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SGS Provides Capability to Measure Impact of Gulf Oil Spill on Seafood Industry
On April 20 2010, the oil spill in the Gulf of Mexico saw an estimated 207 million gallons of oil released. The water and seafood product analysis offered by SGS allows for measurement of the impact.
Concerns around Safety of Seafood
Oil related toxins known as polycyclic aromatic hydrocarbons (PAHs) are of key concern to consumers, retailers and those in the food industry (http://www.sgs.com/
The likelihood of contamination of seafood depends on the way in which species are exposed to contaminants as well as the nature of the species.
Species that are filter feeders will absorb oil when exposed to it, whether exposed while the oil is dispersing or breaking down. Clams, oysters and molluscs come under this category. Alternately, crustaceans will tend to absorb oil through their diet, including both contaminated plant and animal materials. The risk of absorption will increase for those crustaceans, including shrimp, which are found in shallower waters.
Some species passing through contaminated waters will absorb oil through the gills or gut. For example, predatory finfish will absorb oil and PAHs in this way, as well as through feeding on contaminated species.
In order to clean up the spill, BP is using oil dispersants. Even though these substances generally dissipate within a few days, and are regarded by the Environmental Protection Agency (EPA) as being less toxic than oil, it remains unknown as to whether they have any long terms effects on sea life.
Moves Being Made to Ensure Safety
The NOAA has put in place measures to ensure that contaminated yavch seafood products are not sold to consumers. The NOAA has heightened testing measures (http://www.sgs.com/
Besides product testing by the NOAA, steps have also been taken by the US Food and Drug Administration (FDA) to safeguard consumers. Industry producers have been notified that Hazard Analysis Critical Control Point (HACCP) plans must include measures for contaminants such as PAHs. This requirement comes as part of Code of Federal Regulations (CFR) 123 regulation 21, designed to safeguard against the sale and consumption of potentially toxic seafoods. In addition, under 21 CFR 128.28, all shellfish (molluscs) must be tagged, and suppliers are banned from shellfish harvesting within closed areas. Tagging of shellfish enables identification of harvesting dates and locations, and records the license details of the harvester.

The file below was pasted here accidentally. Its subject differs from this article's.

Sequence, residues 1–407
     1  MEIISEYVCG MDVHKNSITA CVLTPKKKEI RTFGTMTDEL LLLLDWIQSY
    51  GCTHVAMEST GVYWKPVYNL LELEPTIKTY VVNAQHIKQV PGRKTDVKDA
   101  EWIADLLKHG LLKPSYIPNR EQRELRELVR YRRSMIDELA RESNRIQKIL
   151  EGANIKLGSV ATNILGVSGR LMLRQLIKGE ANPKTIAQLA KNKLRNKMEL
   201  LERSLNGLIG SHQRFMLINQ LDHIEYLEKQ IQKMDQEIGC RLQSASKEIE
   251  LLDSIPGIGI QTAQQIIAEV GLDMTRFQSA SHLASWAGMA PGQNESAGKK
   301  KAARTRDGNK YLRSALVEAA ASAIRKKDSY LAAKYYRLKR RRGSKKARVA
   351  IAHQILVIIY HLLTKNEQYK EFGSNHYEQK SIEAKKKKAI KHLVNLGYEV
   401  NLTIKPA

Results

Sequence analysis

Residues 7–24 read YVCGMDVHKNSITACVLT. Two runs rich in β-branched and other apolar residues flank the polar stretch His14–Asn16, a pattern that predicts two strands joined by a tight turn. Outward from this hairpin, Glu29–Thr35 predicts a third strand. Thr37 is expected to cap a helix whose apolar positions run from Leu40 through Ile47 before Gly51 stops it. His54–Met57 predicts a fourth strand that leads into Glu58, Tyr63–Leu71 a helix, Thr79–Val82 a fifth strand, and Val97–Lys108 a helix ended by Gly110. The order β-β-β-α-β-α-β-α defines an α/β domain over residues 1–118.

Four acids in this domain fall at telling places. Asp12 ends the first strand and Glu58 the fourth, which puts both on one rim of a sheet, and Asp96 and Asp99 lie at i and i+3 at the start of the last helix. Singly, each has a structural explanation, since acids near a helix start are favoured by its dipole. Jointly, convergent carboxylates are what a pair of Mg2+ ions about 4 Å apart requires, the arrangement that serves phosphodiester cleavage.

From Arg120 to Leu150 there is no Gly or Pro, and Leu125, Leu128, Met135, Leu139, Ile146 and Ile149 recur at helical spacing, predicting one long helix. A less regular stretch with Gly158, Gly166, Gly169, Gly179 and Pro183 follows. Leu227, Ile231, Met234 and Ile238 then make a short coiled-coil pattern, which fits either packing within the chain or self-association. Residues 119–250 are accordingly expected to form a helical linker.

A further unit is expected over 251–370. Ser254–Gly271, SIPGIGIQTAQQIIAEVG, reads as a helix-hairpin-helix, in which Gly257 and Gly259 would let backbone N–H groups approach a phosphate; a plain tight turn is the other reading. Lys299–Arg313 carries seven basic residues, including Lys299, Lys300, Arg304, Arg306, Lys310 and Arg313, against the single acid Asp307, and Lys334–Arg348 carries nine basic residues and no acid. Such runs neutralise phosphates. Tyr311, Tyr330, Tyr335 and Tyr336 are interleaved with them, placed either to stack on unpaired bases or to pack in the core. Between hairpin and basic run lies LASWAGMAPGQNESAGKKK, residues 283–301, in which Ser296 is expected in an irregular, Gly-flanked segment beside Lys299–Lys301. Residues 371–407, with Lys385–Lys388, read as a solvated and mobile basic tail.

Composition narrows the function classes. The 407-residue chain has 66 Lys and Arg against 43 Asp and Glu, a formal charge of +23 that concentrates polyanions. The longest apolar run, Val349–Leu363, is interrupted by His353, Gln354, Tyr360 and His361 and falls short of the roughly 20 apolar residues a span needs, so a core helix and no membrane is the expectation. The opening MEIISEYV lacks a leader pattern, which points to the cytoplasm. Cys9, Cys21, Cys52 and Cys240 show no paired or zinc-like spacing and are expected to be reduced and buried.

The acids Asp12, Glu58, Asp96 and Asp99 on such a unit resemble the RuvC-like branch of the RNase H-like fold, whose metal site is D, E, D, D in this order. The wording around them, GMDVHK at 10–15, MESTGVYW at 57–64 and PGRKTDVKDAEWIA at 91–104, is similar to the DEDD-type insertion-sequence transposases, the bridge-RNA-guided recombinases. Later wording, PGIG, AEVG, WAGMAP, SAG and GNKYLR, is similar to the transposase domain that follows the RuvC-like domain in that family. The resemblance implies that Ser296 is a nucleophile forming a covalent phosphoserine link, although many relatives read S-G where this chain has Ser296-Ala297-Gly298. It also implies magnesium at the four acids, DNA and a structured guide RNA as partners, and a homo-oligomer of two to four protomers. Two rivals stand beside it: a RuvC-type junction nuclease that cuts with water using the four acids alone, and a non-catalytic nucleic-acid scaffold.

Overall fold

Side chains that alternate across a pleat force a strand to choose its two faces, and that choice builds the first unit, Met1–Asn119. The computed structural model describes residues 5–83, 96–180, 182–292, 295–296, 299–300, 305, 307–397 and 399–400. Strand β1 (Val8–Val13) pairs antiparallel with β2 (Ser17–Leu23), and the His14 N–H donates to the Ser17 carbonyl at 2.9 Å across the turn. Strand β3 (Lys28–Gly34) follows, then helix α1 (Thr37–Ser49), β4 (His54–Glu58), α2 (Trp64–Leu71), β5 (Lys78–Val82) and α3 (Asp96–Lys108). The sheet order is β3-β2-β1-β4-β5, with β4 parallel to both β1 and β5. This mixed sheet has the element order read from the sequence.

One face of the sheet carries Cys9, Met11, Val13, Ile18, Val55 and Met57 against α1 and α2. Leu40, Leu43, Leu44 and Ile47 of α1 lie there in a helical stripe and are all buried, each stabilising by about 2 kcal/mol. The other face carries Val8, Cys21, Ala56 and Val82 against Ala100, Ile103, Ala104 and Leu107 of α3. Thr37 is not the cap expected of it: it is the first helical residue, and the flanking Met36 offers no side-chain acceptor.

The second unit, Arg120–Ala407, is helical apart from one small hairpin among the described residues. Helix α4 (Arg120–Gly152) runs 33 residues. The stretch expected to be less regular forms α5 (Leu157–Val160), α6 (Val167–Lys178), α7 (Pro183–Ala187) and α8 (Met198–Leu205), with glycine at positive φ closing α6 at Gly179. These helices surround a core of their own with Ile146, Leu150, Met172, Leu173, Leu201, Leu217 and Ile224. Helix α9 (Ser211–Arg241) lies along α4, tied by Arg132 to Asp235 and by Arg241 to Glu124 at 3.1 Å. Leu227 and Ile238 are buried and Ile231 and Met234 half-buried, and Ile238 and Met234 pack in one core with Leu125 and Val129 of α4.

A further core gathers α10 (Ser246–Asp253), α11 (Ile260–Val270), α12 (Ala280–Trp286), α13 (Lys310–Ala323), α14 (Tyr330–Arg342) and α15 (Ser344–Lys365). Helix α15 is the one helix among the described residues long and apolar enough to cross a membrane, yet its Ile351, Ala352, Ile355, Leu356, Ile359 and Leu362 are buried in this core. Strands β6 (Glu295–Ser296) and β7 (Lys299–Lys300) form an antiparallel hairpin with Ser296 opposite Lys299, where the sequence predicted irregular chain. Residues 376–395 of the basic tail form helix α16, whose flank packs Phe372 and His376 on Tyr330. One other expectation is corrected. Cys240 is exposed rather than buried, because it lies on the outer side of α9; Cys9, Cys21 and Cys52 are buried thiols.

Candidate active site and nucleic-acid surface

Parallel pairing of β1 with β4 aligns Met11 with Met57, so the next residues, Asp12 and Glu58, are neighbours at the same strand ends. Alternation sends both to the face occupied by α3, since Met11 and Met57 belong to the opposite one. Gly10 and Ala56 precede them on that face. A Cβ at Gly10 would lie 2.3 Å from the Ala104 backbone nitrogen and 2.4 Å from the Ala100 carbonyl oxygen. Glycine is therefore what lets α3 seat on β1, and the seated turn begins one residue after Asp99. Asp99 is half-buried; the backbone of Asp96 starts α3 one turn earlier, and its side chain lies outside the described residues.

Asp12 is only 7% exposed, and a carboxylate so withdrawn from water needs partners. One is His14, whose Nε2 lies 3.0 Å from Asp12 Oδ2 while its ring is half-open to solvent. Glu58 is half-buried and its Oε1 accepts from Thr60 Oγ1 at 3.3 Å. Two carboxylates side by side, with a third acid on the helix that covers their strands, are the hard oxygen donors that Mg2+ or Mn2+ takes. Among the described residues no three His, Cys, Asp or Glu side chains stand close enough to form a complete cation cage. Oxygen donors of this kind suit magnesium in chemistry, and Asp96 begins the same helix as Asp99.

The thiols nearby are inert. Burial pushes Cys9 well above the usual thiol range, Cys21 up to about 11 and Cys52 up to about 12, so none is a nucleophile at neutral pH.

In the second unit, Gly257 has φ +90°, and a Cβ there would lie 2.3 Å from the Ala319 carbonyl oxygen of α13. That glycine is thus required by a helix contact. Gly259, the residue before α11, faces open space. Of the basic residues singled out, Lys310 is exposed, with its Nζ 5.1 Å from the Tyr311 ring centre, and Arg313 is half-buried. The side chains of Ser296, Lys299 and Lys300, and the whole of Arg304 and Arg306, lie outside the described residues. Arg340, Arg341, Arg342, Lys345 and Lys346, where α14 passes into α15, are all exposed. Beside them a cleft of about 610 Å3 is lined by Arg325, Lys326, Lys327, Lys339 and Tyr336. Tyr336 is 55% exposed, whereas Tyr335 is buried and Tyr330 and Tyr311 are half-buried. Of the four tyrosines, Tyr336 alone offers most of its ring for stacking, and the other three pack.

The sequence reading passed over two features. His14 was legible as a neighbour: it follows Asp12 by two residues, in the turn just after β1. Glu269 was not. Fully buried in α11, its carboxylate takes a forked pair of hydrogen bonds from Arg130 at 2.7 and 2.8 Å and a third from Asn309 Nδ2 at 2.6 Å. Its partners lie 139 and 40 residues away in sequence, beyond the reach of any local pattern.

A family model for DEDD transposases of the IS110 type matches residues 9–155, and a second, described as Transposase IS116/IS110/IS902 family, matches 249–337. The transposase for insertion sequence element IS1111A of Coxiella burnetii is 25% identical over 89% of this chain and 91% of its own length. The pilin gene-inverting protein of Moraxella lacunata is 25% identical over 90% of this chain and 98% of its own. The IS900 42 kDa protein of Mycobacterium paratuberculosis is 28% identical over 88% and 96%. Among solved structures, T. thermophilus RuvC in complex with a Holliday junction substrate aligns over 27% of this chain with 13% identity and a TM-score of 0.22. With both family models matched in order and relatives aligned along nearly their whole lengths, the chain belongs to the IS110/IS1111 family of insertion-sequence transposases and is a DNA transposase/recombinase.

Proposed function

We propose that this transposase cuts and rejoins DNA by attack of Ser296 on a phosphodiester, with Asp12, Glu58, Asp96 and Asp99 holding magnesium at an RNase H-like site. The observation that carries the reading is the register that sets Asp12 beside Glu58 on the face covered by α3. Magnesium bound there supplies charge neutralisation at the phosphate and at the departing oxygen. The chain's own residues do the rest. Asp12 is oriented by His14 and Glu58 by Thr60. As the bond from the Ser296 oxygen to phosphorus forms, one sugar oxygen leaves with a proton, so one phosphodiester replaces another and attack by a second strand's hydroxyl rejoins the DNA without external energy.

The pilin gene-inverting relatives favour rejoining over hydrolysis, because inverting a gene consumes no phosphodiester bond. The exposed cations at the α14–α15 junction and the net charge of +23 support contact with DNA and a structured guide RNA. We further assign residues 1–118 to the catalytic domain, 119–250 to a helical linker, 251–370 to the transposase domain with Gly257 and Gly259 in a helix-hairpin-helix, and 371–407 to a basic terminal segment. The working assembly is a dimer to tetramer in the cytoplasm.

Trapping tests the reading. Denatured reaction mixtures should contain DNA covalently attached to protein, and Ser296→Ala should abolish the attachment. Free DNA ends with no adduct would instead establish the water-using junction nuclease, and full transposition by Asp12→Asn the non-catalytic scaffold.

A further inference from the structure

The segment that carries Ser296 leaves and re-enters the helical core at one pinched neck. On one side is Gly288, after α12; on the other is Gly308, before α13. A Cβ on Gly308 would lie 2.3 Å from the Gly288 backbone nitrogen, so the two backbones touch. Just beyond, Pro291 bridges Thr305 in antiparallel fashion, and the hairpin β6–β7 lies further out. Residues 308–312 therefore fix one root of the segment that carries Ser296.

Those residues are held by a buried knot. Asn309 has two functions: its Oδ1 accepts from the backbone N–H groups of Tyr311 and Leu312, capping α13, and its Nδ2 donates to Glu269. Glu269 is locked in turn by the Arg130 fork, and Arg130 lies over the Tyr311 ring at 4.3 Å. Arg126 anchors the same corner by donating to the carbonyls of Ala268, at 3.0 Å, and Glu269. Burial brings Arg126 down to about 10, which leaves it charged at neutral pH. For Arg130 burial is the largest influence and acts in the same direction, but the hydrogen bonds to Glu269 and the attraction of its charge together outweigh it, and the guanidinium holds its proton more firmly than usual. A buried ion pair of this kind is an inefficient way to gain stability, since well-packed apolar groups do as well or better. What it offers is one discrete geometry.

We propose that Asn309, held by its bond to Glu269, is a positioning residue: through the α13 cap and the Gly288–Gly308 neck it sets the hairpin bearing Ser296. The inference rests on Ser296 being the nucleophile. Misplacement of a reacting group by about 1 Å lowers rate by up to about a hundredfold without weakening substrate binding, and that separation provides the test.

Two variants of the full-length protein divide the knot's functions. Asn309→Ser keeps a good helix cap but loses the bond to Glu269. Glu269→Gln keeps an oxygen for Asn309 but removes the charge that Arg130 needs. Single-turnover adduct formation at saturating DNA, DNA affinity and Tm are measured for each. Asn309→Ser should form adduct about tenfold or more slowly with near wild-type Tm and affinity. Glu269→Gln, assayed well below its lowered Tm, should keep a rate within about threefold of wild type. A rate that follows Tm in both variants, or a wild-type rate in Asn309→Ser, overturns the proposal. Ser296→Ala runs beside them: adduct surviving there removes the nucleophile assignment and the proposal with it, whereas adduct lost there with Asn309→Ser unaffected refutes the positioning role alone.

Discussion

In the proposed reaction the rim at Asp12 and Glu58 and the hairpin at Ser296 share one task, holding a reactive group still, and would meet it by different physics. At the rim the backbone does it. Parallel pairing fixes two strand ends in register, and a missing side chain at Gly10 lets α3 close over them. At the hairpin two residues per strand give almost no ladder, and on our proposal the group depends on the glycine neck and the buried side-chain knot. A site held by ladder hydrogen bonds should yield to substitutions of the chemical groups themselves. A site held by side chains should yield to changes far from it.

Both water and seafood products can be tested for oil and related contaminants. The presence of PAHs and oil can be detected using instrumentation including both Liquid Chromatograph coupled with a Mass Spectrometer (LC/MS), and Gas Chromatograph coupled with Mass Spectormeter (GC/MS).
SGS Consumer Testing Services
Name of contact person: James Cook
Position of contact person: Food Safety Technologist, SGS U.S. Testing Company, Inc.
Full postal address - 291 Fairfield Avenue, Fairfield, NJ 07004, USA
Phone number: +1 973 461 1493
E-mail address: firstname.lastname@example.org
Seafood product and water analysis are offered as part of SGS Food Safety Services.
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The SGS Group is the global leader and innovator in inspection, verification, testing and certification services. Founded in 1878, SGS is recognized as the global benchmark in quality and integrity. With 59,000 employees, SGS operates a network of over 1,000 offices and laboratories around the world.